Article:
When these cabs first hit the streets, I’m told, there would be a book of photos on the back seat for you to choose the girl you want to be taken to. I don’t know if ALL the business was transacted there. Judging by the condition of the cabs, maybe it was. In any case, that service was soon discontinued. Now it’s just a very poor quality cab service. There is a Tiffany rank outside Mangga Dua Mal. Make alternative transport arrangements.

Most of the stories you will hear concerning Jakarta cabs will involve Prestasi cabs. Some of them are actually quite clean and with well mannered drivers, but don’t expect it. With their powder blue colouring, they fall under the bluebird wannabe category, but most of them are so beaten up you’re unlikely to mistake them for a real Bluebird.

Tarip Lama
This translates as ‘old rate’. It means the cabbie hasn’t taken his car in to the government taxi centre to get the meter updated to the new fare rates. It’s not out of generosity, it can be expensive to do this whenever the rates change. Firstly, there is the official fee, then the bribes to the officials to get them to do the job, then consider all that time waiting when he could be sitting at a rank!
Indonesians make a virtue of necessity, and so the fact the meter is unchanged is advertised by the sign ‘tarip lama’ in the window. Cabs which would have been waved past are now a prized catch. For the Western traveller, the price difference is insignificant.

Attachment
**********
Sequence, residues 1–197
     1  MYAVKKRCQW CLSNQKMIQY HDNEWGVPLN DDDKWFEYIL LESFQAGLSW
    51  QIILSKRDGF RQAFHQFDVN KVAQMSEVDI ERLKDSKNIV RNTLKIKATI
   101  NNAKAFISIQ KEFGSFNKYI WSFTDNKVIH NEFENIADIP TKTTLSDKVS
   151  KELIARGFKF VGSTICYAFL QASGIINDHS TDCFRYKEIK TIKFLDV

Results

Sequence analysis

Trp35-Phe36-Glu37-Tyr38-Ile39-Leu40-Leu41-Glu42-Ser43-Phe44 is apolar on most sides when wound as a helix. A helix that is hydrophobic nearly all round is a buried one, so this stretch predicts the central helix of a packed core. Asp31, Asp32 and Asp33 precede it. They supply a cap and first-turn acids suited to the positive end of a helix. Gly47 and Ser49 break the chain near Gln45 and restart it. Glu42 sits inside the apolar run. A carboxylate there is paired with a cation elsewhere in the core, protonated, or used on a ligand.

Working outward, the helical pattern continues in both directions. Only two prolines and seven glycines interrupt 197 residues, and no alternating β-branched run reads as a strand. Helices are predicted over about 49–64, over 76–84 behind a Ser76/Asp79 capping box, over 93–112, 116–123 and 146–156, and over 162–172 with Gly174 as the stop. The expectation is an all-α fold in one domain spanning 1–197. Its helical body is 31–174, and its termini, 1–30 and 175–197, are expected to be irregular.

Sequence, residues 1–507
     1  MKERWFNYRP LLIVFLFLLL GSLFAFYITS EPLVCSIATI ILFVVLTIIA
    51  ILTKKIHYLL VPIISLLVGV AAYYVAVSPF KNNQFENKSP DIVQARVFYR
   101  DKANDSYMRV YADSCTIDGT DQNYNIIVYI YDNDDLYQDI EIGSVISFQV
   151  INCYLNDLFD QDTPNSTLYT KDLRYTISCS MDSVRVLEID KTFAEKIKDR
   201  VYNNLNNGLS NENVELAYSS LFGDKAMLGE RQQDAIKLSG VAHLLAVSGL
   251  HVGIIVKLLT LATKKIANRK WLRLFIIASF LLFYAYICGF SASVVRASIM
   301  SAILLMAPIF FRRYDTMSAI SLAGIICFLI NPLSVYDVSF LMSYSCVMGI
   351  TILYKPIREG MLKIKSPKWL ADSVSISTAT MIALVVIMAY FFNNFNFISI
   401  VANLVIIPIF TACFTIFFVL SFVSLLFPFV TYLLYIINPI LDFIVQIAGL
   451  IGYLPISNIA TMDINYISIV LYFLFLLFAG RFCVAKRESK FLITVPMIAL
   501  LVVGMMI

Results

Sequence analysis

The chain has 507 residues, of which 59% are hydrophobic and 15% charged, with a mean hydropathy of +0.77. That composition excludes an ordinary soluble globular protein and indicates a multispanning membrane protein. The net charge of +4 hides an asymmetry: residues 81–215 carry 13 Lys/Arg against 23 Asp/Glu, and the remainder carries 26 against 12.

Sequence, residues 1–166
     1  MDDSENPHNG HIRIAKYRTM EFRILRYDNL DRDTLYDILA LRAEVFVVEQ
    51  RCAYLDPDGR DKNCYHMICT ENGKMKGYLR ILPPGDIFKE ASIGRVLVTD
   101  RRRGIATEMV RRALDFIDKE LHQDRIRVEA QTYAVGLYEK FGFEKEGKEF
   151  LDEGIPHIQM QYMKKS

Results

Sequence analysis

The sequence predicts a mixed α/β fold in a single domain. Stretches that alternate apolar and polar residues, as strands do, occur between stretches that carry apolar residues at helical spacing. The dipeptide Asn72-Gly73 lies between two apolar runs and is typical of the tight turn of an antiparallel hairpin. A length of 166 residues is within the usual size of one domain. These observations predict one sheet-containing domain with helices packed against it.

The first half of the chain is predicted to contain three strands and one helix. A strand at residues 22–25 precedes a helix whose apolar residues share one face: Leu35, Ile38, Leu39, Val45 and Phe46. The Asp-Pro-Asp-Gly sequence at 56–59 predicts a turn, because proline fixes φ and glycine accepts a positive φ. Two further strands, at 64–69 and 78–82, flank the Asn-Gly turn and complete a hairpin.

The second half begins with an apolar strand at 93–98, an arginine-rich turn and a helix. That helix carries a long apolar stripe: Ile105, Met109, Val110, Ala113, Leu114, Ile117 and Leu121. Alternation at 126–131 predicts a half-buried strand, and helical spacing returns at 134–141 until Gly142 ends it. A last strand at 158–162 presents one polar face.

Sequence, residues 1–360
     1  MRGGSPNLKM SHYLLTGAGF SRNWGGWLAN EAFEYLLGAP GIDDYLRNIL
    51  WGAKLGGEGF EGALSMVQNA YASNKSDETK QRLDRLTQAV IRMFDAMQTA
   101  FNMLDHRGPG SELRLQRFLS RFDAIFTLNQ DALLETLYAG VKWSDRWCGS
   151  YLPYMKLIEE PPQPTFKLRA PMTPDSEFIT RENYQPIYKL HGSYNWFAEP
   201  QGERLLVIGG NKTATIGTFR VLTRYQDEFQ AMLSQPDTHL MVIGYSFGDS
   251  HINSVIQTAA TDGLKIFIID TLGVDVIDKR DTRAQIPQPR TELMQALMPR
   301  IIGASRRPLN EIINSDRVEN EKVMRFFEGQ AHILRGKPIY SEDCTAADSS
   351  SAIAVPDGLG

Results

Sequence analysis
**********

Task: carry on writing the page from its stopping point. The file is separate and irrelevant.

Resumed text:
Cab ranks
In my experience, cabbies who sit around all day in a rank are useless creatures with little initiative. The rank attracts fools who’re too lazy to seek out their own fares and inexperience drivers who don’t know the streets well enough. I much prefer to hail a cab off the street unless I’m leaving a nice hotel.

If nobody is picking you up from the airport, you have some choices, depending on the time you arrive. As you leave the enclosed area of the terminal, you will see a long line of cabs from different companies. If you arrived at a busy time and the cabs of the standard you want aren’t available, you can go back into the arrivals hall and book a limo from one of the booths you passed before at a set price. Don’t let them force you to take an expensive one. The prices are more than a normal cab, but still quite affordable.
If you’re still not satisfied, you can go downstairs (upstairs?) to where people are being dropped off and just jump into a cab that’s just set someone down. If you choose this option, you need to be quick and decisive as the officials don’t like you doing this.
If you think it’s a bit expensive to be taking taxis tens of kilometres to the city, there is always the bus. It’s not as bad as it sounds, but it will drop you off at Gambir train station. Finding a decent taxi from Stasion Gambir can be an adventure all to itself.

Having read all of this, can you the reader tell me if the taxi in the photo is a bluebird?


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4 Responses to “Taxi Adventures”

  1. Glen Kohatsu Says:

    Hello, I am currently doing some research for a post that I’m typing for my own website. I have found this article extremely useful and I would like to enquire if I can link to your article as it will be of great interest to my viewers? Kind regards.

    • aboutindo Says:

      Hi Glen,
      Welcome to WordPress (says me who’s only been on 2 weeks). I have no problem with you linking to my site and if I need to do anything from this end, please let me know.
      I’m looking forward to reading some of your stories. Best wishes.

  2. Garry Class Says:

    Cool blog post, was wondering if you would allow me to link to it in a post i am currently creating for my own website? Thanks